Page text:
Midnight Special (2016; Directed by Jeff Nichols)
For all of the ways that Jeff Nichols’ Midnight Special is inherently Spielbergian – in its essentials, the film is E.T. except that the boy and the alien are one and the same – it manifests a vision all its own. It represents a speculative metaphor for multiple facets of the American condition, but presents its sci-fi premise with such clear-eyed conviction that it’s worth questioning if it’s a metaphor at all. What it is, unquestionably, is quietly, subtly indelible.
Nichols once again teams with Michael Shannon, so still and intense in the director’s remarkable and similarly-pitched Take Shelter. Shannon is Roy Tomlin, who opens Midnight Special on the run from the law in Texas. He’s taken his son Alton (the amazing Jaedan Lieberher) and is moving eastwards with the help of old friend and state trooper Lucas (Joel Edgerton). This is no simple overreaction to a traditional custody dispute, however: it emerges that Roy has taken Alton from the clutches of a Christian cult, referred to only as “the Ranch”, to which he himself once belonged, whose commanding patriarch (Sam Shepard) took Alton from him in turn to serve as a mysterious but revered prophet to his flock.
Alton is certainly no ordinary boy. Roy and Lucas only travel with him at night, and even then with an extreme caution over and above their fugitive status: he wears swim goggles while awake and industrial earmuffs while sleeping, which he does during the day with cardboard taped over the windows of the motels and safehouses they stop at on the road. He’s treated with the care of a nuclear warhead, except when he’s inexplicably, carelessly left alone, frequently leading to inadvertent (or perhaps not) destruction. Nichols reveals Alton’s special nature by increments, making these precautions clearer, establishing why the cult had made him into its oracle of revelation, and attracting the keen interest of the U.S. government, as represented by NSA analyst Paul Sevier (Adam Driver).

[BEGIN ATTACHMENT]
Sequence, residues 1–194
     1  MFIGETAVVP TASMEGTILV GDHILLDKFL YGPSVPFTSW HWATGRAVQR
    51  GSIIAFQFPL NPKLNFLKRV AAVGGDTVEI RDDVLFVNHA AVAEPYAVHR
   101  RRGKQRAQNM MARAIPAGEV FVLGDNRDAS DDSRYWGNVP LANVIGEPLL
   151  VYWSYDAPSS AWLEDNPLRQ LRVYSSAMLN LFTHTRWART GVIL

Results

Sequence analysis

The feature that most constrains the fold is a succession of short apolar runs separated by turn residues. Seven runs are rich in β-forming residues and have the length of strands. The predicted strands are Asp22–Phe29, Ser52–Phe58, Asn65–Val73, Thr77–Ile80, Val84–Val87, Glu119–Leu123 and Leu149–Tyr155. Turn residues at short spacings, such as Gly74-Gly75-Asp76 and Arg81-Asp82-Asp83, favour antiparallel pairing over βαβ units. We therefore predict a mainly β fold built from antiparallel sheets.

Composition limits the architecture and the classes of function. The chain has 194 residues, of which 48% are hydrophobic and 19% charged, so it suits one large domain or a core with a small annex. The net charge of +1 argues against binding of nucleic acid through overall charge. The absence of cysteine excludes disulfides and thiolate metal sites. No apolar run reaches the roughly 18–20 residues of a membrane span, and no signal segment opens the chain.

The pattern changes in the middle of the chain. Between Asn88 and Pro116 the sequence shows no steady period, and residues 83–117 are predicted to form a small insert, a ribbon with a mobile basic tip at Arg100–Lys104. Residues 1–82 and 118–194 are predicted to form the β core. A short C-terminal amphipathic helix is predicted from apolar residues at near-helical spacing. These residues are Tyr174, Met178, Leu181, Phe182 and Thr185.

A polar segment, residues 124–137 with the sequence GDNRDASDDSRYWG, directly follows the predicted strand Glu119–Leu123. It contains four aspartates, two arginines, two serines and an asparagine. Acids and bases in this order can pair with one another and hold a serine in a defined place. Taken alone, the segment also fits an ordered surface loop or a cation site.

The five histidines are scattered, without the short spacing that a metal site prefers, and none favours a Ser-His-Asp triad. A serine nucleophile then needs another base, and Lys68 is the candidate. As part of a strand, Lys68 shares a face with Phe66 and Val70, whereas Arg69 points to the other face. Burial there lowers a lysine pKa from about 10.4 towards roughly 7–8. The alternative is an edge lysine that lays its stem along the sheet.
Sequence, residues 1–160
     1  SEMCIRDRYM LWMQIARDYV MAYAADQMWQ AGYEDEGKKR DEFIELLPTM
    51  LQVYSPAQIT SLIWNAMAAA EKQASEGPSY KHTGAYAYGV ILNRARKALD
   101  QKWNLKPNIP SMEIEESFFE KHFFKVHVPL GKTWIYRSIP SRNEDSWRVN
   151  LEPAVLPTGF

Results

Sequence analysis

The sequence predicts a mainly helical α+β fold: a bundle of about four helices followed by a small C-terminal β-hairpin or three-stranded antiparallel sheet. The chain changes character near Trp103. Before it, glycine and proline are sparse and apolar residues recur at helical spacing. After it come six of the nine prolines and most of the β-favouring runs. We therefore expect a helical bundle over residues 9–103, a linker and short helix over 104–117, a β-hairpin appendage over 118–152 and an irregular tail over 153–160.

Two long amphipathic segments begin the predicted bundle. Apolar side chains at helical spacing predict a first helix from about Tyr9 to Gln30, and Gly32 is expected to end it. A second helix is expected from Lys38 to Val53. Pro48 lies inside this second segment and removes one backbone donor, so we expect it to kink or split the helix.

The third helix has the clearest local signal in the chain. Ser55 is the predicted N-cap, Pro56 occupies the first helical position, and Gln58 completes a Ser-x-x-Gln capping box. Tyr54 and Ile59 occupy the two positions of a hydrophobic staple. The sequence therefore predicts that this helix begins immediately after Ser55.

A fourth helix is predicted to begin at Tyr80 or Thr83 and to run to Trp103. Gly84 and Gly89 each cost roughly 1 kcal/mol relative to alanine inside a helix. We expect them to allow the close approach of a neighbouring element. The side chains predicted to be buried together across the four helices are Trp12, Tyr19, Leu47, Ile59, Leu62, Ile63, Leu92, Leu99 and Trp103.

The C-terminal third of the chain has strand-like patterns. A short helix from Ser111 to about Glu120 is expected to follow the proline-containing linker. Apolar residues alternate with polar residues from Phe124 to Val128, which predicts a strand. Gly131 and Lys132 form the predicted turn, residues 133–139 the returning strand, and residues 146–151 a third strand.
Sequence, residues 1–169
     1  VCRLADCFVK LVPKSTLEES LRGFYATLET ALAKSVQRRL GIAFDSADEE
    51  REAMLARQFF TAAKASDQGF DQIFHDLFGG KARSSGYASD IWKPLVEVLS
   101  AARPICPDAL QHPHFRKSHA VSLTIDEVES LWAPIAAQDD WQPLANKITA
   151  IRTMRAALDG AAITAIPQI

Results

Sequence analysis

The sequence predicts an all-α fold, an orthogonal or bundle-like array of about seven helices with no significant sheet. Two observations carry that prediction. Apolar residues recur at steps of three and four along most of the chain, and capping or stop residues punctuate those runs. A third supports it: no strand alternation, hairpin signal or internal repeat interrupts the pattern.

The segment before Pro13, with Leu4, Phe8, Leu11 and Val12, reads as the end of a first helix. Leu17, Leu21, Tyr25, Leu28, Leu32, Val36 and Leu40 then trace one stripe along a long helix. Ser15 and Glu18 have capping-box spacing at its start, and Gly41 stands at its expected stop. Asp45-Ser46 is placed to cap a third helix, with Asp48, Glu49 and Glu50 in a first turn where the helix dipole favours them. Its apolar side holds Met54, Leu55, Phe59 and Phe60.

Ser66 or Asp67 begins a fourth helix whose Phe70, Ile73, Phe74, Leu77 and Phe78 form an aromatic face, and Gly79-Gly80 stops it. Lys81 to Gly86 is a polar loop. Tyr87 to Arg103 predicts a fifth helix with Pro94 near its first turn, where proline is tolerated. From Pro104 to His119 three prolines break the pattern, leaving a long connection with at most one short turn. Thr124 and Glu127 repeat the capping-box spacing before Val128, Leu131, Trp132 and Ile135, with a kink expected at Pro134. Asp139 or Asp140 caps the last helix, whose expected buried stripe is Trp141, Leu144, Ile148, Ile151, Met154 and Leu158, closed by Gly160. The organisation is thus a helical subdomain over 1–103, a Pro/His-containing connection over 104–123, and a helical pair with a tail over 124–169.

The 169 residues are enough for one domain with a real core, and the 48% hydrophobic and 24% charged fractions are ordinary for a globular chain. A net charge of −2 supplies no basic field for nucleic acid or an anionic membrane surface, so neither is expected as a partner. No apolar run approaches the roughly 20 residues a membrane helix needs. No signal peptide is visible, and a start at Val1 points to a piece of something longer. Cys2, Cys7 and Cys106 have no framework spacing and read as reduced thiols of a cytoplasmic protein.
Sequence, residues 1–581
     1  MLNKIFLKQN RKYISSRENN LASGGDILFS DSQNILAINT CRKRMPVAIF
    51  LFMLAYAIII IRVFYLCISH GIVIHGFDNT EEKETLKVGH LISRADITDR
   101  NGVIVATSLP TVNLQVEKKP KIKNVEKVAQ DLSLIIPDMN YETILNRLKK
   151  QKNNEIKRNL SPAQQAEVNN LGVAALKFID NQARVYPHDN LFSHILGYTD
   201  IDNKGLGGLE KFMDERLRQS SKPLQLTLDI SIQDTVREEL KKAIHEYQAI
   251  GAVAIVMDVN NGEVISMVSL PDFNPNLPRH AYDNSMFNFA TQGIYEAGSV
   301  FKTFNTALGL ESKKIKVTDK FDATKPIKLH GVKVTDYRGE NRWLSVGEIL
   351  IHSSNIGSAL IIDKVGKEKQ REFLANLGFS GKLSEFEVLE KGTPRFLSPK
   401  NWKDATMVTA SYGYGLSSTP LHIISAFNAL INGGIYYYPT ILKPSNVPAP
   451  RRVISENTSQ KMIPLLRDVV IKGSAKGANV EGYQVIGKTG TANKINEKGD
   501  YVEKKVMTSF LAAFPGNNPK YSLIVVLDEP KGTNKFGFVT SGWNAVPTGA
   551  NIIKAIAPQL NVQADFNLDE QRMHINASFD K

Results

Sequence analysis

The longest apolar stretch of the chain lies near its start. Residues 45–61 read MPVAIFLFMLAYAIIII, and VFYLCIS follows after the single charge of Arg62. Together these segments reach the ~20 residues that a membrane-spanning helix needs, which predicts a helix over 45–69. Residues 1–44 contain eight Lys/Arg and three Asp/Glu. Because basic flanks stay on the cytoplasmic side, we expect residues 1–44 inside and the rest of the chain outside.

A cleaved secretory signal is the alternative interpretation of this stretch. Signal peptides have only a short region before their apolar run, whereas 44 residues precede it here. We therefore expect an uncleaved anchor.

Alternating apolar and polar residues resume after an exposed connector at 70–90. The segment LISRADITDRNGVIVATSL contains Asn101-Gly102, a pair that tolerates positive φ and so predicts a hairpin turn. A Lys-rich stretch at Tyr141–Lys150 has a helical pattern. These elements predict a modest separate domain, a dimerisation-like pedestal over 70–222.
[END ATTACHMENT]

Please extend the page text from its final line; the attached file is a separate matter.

Roy, Alton, and Lucas remain a step ahead of not only the authorities but also of two unassuming-looking fixers dispatched on their trail by the lead preacher from the Ranch to retrieve the boy prophet (one of them, played by Bill Camp, mutters wearily before a shakedown for information that he is a licensed electrician in two states, a modest tradesman’s twist on the old standby “I’m getting too old for this” line). Rendezvousing along the way with Alton’s mother (Kirsten Dunst), the ragtag fugitives are on a quest to reach a remote location roughly in the marshes of the Florida Panhandle, the coordinates of which were “received” by Alton, by a specific date. What they will find there is beyond any of them, even Alton himself.